As a nation, Americans are notoriously sedentary.

Sixty-four percent of adults in this country are overweight, as are 15 percent of children and adolescents, according to the National Health and Nutrition Examination Survey, which was published this month in the Journal of the American Medical Association. Obesity among adults has doubled since 1980, while the number of overweight children and adolescents has tripled. Extra weight can lead to conditions such as high cholesterol, heart disease and diabetes.

Numerous government studies also point out that children who play sports are more likely to stay in school, more likely to get good grades and less likely to use drugs.

With school physical education programs being scaled back because of budget cuts and the need to meet state standards of learning in other areas, extracurricular sports are some youngsters' only chance to avoid becoming part of those statistics, says Shane Murphy, a Connecticut sports psychologist and author of the book "The Cheers and the Tears: A Healthy Alternative to the Dark Side of Youth Sports Today."

"It is tremendously important to get kids involved with sports early, especially with the lifelong pattern of physical inactivity we have in this country," Mr. Murphy says. "As a nation, we are largely inactive. Playing sports builds healthy habits, but we sometimes get obsessed with the competition aspects. I have conversations all the time about what is it going to mean 20 years from now that you won the Under-7 championship. Well, it might mean nothing, but it might mean you still go to the gym every day."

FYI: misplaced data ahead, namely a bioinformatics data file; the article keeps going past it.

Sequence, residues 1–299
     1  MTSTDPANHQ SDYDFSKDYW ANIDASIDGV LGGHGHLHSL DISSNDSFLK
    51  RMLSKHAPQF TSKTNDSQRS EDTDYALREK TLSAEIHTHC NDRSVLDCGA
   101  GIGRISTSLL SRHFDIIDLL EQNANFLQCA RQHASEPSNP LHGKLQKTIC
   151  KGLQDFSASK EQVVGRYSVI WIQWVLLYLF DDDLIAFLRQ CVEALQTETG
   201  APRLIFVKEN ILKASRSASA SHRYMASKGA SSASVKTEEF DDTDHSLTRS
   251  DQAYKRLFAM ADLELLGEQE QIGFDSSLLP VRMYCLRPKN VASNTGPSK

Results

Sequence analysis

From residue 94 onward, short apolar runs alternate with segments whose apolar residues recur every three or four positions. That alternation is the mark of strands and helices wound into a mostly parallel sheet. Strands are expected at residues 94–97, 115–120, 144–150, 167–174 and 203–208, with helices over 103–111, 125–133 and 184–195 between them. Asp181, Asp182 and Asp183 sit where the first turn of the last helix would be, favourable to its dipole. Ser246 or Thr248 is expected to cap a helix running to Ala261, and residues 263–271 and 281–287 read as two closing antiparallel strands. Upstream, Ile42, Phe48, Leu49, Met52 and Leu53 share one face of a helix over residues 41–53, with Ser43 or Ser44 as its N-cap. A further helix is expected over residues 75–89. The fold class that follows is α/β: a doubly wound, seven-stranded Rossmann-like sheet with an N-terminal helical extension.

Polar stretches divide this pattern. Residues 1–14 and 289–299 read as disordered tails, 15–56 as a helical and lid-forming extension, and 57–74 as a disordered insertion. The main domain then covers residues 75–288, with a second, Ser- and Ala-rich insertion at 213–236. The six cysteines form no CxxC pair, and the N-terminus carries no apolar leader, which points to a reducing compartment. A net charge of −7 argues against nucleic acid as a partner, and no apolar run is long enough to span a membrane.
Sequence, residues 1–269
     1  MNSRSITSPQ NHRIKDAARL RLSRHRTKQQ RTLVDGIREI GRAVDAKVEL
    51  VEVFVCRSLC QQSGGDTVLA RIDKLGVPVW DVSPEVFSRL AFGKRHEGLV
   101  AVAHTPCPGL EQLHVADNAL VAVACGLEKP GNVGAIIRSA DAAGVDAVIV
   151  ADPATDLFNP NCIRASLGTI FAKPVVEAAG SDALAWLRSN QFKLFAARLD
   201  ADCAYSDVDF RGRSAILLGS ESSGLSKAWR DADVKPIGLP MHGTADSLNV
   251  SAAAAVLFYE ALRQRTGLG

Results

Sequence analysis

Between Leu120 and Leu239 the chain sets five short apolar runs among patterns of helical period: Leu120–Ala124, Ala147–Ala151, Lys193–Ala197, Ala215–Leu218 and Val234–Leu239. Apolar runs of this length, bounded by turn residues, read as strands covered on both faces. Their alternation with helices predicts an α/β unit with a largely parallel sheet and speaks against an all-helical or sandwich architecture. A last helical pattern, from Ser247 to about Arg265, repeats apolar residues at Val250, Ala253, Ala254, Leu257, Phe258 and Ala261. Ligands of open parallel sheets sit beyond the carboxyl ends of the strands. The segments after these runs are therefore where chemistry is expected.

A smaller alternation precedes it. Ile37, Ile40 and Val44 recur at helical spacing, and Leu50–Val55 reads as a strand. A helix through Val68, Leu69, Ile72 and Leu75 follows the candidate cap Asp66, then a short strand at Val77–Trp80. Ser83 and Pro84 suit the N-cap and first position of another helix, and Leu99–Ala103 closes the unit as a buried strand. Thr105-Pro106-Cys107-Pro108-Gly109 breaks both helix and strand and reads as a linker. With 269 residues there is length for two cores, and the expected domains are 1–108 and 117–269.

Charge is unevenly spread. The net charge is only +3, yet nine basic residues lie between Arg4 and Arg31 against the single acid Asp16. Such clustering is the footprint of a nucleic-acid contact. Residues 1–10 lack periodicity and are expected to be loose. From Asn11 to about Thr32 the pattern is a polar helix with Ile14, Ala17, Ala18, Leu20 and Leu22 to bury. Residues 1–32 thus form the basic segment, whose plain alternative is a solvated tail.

Mariah Burton Nelson, an Arlington author and former Division I college basketball player, grew up swimming and playing tennis, water polo, lacrosse, field hockey, volleyball and basketball. Ms. Nelson, 46, still swims on a master's swim team, golfs and bikes, among other sports.

"Even if I wake up one day and find myself too sick or disabled to move, I'll still be an athlete," says Ms. Nelson, who outlines the benefits of a lifelong commitment to sports in her latest book, "We Are All Athletes: Bringing Courage, Confidence and Peak Performance Into Our Everyday Lives."

Ms. Nelson says the payoff for her has been more than physical. Because she played sports, she is able to look at life and all its challenges as a game.

"If you see life as a game, you can lose and go on to win another day," she says. "You realize it is not the end of the world."

She equates taking risks to a basketball game.

"Playing sports lets you forgive yourself for mistakes," she says. "If you steal the ball and go for what should have been an easy layup, but you miss, you could stand there and be mad, or you can hustle down the court and play good defense. Life is like a basketball game it moves very quickly. If you don't forgive yourself immediately, you are going to get bogged down. We all make a lot of mistakes."

Tony Stango, a physical education teacher at Martin Luther King Jr. Middle School in Beltsville, says he tries to get that point across daily. Just a small percentage of his seventh- and eighth-grade students play organized sports, so gym class might be the only place they learn the lessons of competition.